Published 1 year ago.
About a 4 minute read.
Industry leaders provide guidance for prioritizing changes to your
organization’s real estate and workplace strategy to maximize employee productivity, retention and wellbeing.
This week, sustainability and high-performance building services provider
published a new report to guide real estate and workplace professionals and
business leaders in enhancing the employee experience and optimizing the value
of office real estate.
Building on Stok’s 2018 report, The Financial Case for High-Performance Buildings
— which demonstrated the correlation between high-performance spaces and the
productivity, retention and wellbeing of people within the space, resulting in
significant financial gains for an organization — High-Performance Buildings and the Evolution of the Workplace: Insights for a People-First Approach
utilizes findings from a perception survey of industry leaders to offer clarity
on where to focus investments to most positively impact employee productivity,
retention and wellbeing in this next era of the workplace.
“Today, the purpose of office real estate and how it functions is being
redefined. As workplaces – and even work itself – are reimagined, professionals
are challenged with where to focus efforts to improve employee experience in
this next evolution of work,” said Jacob
Arlein, CEO of Stok — a
certified B Corp and an ILFI Just
“This report helps demystify the noise around these decisions, creating
confidence in making investments that will most positively impact your
organization’s bottom line.”
To demystify some of the noise around the next era of the workplace
and the role of the built environment, Stok reached out to a select group of
industry professionals spanning roles in corporate real estate, human resources,
facilities, strategic consulting and design to gather insights and feedback on
evolving aspects of the workplace experience and their perceived effect on three
key occupant impact areas: employee productivity, retention and wellbeing. The
survey results highlighted five aspects of the employee experience that
respondents indicated have the most positive impact on these three key occupant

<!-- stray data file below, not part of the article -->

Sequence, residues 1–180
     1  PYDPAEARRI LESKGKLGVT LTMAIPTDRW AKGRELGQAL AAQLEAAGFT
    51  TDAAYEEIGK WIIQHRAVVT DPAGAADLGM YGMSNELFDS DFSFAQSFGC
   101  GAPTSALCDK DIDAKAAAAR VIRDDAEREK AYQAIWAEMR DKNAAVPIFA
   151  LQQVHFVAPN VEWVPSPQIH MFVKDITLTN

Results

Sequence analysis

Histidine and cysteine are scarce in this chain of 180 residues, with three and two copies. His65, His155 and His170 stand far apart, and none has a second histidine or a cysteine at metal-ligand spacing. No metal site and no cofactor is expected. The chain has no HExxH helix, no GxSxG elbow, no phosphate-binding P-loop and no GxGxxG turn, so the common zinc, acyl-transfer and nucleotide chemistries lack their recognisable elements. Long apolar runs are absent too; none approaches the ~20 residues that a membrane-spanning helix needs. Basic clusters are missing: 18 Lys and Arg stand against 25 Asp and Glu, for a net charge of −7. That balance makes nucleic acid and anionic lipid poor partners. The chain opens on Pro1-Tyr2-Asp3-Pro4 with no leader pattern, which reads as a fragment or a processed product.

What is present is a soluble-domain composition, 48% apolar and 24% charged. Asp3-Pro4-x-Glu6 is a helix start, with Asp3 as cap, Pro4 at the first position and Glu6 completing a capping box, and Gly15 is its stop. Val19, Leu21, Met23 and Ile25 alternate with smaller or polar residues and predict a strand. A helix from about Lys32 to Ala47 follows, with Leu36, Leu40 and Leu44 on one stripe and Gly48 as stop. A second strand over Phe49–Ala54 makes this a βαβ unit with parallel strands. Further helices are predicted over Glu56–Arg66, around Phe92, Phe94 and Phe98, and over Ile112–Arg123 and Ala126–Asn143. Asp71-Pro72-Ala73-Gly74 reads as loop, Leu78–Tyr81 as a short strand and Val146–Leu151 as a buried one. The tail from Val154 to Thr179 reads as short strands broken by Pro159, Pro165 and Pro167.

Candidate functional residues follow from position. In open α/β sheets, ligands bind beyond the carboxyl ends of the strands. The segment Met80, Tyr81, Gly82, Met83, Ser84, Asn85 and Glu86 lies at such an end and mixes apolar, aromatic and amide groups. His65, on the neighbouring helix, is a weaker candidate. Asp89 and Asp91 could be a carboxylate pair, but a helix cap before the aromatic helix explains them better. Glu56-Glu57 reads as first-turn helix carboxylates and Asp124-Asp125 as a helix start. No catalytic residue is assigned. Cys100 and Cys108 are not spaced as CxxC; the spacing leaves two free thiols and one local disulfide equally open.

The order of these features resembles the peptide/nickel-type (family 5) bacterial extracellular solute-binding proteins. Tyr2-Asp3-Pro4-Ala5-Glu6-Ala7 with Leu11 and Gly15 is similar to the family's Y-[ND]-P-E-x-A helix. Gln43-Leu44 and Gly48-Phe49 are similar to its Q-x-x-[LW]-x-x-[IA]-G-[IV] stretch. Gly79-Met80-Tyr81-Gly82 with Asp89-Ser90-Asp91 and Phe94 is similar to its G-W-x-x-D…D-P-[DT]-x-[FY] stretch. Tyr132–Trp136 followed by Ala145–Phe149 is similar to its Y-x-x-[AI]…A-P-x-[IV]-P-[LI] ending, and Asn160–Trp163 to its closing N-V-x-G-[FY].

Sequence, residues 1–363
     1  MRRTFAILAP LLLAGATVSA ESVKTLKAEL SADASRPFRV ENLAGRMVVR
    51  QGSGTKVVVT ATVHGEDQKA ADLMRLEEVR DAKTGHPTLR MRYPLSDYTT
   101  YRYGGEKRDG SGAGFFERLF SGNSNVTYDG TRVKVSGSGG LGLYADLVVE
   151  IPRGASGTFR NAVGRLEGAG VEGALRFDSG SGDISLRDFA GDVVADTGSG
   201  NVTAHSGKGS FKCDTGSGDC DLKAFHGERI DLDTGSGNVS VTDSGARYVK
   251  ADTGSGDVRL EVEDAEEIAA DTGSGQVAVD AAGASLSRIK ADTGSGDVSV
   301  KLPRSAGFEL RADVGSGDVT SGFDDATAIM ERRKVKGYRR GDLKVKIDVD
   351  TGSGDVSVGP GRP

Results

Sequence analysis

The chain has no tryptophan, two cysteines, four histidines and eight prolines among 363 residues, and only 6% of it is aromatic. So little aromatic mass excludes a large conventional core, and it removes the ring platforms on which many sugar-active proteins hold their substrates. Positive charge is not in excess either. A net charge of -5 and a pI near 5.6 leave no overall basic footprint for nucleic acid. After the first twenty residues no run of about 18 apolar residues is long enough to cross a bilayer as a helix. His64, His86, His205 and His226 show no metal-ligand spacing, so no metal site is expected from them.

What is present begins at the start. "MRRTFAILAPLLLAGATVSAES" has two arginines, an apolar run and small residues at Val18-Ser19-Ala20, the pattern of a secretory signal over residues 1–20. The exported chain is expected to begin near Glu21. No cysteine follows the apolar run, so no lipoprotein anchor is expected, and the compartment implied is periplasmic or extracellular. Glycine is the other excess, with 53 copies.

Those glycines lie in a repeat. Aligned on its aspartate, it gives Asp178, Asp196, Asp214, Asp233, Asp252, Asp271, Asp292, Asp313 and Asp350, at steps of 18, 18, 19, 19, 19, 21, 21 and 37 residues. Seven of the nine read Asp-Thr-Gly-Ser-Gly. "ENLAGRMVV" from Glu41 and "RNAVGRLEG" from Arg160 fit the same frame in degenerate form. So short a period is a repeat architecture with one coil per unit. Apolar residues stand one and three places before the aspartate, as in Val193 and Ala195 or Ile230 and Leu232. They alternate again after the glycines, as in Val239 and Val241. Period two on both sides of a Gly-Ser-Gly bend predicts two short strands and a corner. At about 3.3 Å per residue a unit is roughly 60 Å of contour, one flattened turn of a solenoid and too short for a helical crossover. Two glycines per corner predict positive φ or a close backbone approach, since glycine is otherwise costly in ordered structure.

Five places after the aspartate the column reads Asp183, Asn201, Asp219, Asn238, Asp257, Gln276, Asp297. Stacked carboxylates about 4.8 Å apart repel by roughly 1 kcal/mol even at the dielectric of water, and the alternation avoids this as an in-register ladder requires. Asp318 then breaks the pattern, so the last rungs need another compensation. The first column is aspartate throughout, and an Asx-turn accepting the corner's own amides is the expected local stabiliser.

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The paper provides clarity around investments that should be made in the
existing physical workplace; and — perhaps more importantly, in this changing
paradigm of work — which investments will drive the largest positive impact on
employee productivity, retention and wellbeing.
Extracting findings from a perception survey of industry leaders, the report
shares the top five changes that respondents indicated will have the greatest
impact on the key areas of employee productivity, retention and wellbeing. The
five areas for suggested investments in the employee experience cover workplace
design, operations and policies; and the report provides details on what these
changes might look like for an organization.
Take, for example, access to light and connection to nature in physical office
have proven that the availability of and access to daylight can positively
impact health and performance outcomes of building occupants. In addition to
natural light, office
windows may also
offer views of natural elements (trees, foliage, plants), which has also been
proven to minimize the negative impacts of job stress and support overall
wellbeing. Designing around access to daylight and connections to nature are
also foundational aspects for building rating systems such as LEED, WELL
Living Building Challenge and
Fitwel. While providing all building occupants with
majestic views and natural vistas is not feasible in many existing structures,
can have a similar positive impact and can be incorporated using plants,
and other elements that bring the outdoors in.
“It’s critical that leaders of organizations take a people-centric approach to
workplace strategy as we continue to navigate this next era of the workplace,”
said Emily Dunn,
Director of Workplace Strategy and Wellbeing at Stok, and lead author of the
report. “Employees are, in fact, consumers — exerting a significant amount of
influence over how an organization operates. We know that employees want
flexibility and support around where and when they work; and organizations that
prioritize this will best be able to attract and retain top talent, contributing
to overall success.”
Results of the survey clearly bring the themes of flexibility and wellbeing to
the forefront in prioritizing changes to the workplace. From flexibility in
hours and hybrid work policies to design decisions that promote wellbeing, the
report outlines how each of the five highest-impact changes can be applied
uniquely and effectively to an organization's workplace strategy.
“Where do employees work best? What type of work is best supported where? Where
do employees feel their best? What lessons can we learn that enable us to
reimagine a workplace that allows employees to thrive and perform at their
best?” Dr. Angela Loder,
VP of Research at the International WELL Building Institute, says in the
report. “Understanding these internal and external drivers, such as ESG
reporting pressures and equity drivers, will help organizations be better
prepared to attract and retain key talent and support the mission guiding the
Published Feb 8, 2023 1pm EST / 10am PST / 6pm GMT / 7pm CET